What's Special about 8 May?
Victory in Europe Day marks the signing of the German Instrument of Surrender on 8 May 1945. The German surrender to Allied forces ended the battles of World War II in Europe, thus many European nations commemorate this date as the day of liberation from the Nazi regime. So why isn’t 8 May a federal public holiday in Germany?
It could be argued that, technically speaking, the Allied forces did not intervene in World War II to liberate Germany from Nazi control so much as to wage war against the invasive forces of a dictatorship. Although the distinction may seem minor, some (very conservative) Germans have historically believed that a defeat is nothing to celebrate.
Public Holiday or Day of Commemoration
Today, on the other hand, there is a growing awareness within Germany that this date stands for so much more: not only did one of the greatest catastrophes in world history come to an end, but that day also gave rise to one of the greatest examples of international solidarity of the modern era – the European Union. At the same time, the celebration of 8 May has become a profound statement against fascism, racism and antisemitism.
While in Berlin the 75th anniversary of the end of the war was a one-time official holiday (Feiertag) in 2020, 8 May is a so-called Gedenktag (day of commemoration) in many other German federal states, such as Mecklenburg-Vorpommern and Brandenburg. This means that the news will tell you about it, but you won’t get a day off.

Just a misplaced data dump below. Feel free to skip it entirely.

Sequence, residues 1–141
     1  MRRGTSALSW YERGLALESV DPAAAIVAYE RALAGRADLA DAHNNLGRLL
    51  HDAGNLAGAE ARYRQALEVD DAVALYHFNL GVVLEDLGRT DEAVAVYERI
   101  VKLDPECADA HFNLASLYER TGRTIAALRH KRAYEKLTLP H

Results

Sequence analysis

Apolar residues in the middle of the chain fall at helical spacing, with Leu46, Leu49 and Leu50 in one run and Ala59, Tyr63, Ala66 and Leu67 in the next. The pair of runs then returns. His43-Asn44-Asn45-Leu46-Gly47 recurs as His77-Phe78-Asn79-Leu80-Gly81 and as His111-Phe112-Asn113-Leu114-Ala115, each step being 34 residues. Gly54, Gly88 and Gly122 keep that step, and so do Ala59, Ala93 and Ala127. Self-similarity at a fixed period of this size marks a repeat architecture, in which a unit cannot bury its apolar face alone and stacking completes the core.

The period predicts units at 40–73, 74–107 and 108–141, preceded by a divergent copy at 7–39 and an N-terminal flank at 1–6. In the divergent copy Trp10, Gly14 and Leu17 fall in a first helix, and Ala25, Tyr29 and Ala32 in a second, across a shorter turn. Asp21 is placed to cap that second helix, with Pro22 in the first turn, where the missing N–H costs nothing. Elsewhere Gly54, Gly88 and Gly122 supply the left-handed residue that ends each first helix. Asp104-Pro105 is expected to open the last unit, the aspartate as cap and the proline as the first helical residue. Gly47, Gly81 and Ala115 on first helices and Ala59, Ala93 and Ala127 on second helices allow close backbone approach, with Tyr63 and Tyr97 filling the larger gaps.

But there has been growing advocacy in favour of making 8 May an official public holiday in Hamburg and all across Germany. From the Deutscher Gewerkschaftsbund (DGB, lit. 'German Trade Union Confederation') and high-ranking politicians from parties like die Linke (lit. 'The Left') and Bündnis 90/Die Grünen (lit. 'Alliance 90/The Greens') to Esther Béjarano, the Hamburg-based chairperson of the International Auschwitz Committee, more and more organisations and people in Germany are pushing for official recognition of 8 May.
But even if 8 May is not an official public holiday in Hamburg (yet), we can still observe the weight and importance of this date, for example by paying tribute to the virtual 75th commemoration of the liberation of Neuengamme that took place in 2020. And we should also take a minute to recognise that this date marks nothing less than a turning point in European history and a cornerstone of democratic achievement, such as the guarantee of freedom of speech, religion and movement as basic human rights.